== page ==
The University of Georgia College of Environment and Design's Jackson Street Building has received LEED Gold Certification. The building is the first historic building on campus to earn the designation.
LEED, or Leadership in Energy and Environmental Design, is an independent, third party verification that indicates a building project meets standards for sustainability set by the nonprofit U.S. Green Building Council. The LEED program is a points-based system that encourages lower operating costs, waste reduction, and energy and water conservation among other criteria.
A proposed Science Learning Center to be built on the University of Georgia’s South Campus is one of two major capital construction projects approved by the Board of Regents today for submission to the governor as part of the fiscal year 2015 budget request. The $44.7 million requested for design and construction of the approximately 122,500 square foot facility would provide modern, efficient and flexible space for undergraduate laboratory teaching in the STEM disciplines (science, technology, engineering and math). Once completed, the project would be supplemented by $10 million in institutional funds to begin a program to modernize space where such courses are now taught in the 1960s-era Chemistry and Biological Sciences buildings, with much of that space being repurposed to support faculty research.
The University of Georgia continues to rank well in the U.S. News & World Report's Best Colleges 2014 edition, landing at No. 20 among the nation's top public universities and No. 60 among best national universities this year. In undergraduate business programs offered nationwide, the Terry College of Business topped the competition with a first-place ranking for its insurance and risk management specialty. Its real estate program tied for third with the University of California, Berkeley, and the college rose to 27th overall, up from 31st, for best business programs.
Fall enrollment numbers for courses in the University of Georgia's Center for Undergraduate Research Opportunities are the largest in the history of the program. This semester, almost 20 percent more students are requesting CURO courses for individualized research opportunities. A record 234 UGA students are participating in fall semester research projects. This continues the trend in increased CURO participation.
Researchers at the University of Georgia have received a five-year, $10.4 million grant from the National Institutes of Health to support the National Center for Biomedical Glycomics, a consortium of UGA faculty and staff working to develop new technologies for the analysis of glycans. Once thought to be relatively unimportant, scientists now recognize that glycans play critical roles in cell regulation, human health and disease progression.
Minority groups in the U.S. will command unprecedented economic clout this year and well into the future, according to the annual Multicultural Economy report from the Selig Center for Economic Growth in the University of Georgia Terry College of Business.
The 2013 report provides a comprehensive statistical overview of the buying power (or the amount of income left after taxes, not including savings or borrowed money) of African-Americans, Asians, Native Americans and Hispanics from 1990-2018. It includes national statistics as well as breakdowns for each state.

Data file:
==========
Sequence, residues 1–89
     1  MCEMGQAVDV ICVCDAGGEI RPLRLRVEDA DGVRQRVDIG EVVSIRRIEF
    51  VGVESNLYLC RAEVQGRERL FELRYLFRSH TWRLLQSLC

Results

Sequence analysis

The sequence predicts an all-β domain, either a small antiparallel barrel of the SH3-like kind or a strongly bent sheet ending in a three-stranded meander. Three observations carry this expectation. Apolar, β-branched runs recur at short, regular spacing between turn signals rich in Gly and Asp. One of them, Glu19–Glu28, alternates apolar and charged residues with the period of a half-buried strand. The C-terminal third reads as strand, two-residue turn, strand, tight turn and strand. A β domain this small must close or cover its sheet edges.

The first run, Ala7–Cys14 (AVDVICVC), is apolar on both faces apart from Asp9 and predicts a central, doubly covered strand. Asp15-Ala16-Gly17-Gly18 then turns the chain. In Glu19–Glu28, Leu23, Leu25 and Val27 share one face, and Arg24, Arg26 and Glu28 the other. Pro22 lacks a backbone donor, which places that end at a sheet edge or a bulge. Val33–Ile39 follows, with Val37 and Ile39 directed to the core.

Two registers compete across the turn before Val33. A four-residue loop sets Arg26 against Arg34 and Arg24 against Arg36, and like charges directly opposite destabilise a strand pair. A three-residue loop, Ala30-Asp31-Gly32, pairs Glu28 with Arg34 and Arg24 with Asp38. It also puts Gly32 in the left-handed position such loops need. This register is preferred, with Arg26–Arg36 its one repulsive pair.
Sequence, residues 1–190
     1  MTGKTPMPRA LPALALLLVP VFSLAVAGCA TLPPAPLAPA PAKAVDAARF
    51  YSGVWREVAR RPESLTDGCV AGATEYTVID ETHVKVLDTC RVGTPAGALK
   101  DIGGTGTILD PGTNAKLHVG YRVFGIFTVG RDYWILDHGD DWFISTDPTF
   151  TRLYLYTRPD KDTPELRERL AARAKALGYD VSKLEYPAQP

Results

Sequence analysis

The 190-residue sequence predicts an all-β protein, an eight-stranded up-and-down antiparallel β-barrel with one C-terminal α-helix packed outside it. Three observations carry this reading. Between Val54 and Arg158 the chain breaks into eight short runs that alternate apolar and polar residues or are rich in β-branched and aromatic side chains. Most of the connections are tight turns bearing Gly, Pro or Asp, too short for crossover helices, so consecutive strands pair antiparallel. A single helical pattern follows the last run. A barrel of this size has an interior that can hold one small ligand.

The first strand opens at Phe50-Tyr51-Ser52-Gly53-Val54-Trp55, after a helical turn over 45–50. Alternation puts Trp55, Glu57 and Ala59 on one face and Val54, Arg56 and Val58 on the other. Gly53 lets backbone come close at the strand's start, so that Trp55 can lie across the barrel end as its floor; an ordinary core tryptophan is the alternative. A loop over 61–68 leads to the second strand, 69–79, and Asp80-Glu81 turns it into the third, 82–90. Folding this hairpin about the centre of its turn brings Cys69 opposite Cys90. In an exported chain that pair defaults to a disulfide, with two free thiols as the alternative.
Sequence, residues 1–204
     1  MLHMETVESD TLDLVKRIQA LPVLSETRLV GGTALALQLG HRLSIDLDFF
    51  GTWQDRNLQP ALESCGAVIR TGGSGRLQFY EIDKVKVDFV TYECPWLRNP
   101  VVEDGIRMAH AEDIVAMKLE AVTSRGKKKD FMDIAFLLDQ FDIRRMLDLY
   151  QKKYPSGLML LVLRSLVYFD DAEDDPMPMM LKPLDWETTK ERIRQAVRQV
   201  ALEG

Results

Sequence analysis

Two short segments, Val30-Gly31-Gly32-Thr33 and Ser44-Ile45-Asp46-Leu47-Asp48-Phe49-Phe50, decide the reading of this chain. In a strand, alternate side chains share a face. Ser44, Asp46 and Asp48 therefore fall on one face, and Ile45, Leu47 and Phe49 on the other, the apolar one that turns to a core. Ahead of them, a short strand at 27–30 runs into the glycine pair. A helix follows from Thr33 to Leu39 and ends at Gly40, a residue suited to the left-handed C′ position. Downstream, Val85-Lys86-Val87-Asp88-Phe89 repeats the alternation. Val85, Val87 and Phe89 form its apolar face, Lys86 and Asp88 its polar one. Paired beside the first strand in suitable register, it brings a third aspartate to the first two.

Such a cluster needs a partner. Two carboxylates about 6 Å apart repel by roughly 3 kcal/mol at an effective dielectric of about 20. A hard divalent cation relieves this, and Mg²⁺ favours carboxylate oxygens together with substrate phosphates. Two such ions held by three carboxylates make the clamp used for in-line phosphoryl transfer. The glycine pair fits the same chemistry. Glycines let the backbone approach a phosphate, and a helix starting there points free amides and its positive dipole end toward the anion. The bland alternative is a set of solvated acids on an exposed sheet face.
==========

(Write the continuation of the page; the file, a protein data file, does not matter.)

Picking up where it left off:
According to Benjamin Franklin, "nothing can be said to be certain, except death and taxes." But what if Franklin had it wrong—at least about death? University of Georgia ecologist Richard P. Shefferson explored this question in the Journal of Ecology in a special issue he coedited about the latest research on senescence—the physical process of aging and death—in plants and, in particular, the idea that certain plants might be immune from this seemingly universal phenomenon.
Eight University of Georgia students were awarded international travel-study grants from the Fulbright U.S. Student Program for the 2013-2014 academic year. Recipients of the U.S. Student Full Grants, which cover research, study and creative opportunities, include two students who recently earned undergraduate degrees at UGA: spring 2013 graduate Katherine Lacksen of Sparta; and fall 2012 graduate Tierney O'Sullivan of Roswell. Two current doctoral students also received Full Grants: Derek Bentley of Fayetteville; and Gregory Moss of Lawrenceville.
University of Georgia President Jere W. Morehead is continuing his commitment to students through a personal contribution establishing a need-based scholarship fund, in honor of his parents, designed to help undergraduates study in the nation’s capital.
With nearly 7,000 students attending the university who are eligible for the Pell Grant, “raising support for need-based scholarships is one of my priorities,” Morehead said, “and I hope to lead the way for many others to help students with financial need.”
Lee Becker, a professor of journalism in University of Georgia Grady College of Journalism and Mass Communication, recently received the 2013 Paul J. Deutschmann Award for Excellence in Research from the Association for Education in Journalism and Mass Communication.
Becker directs the James M. Cox Jr. Center for International Mass Communication Training and Research within UGA’s Grady College. Becker was the 24th recipient of the award since it was inaugurated in 1969. Previous recipients include Wilbur Schramm and Ralph O. Nafziger, founders of the field of journalism and mass communication, and prominent scholars such as George Gerbner, Jack M. McLeod, Steven Chaffee and Maxwell E. McCombs.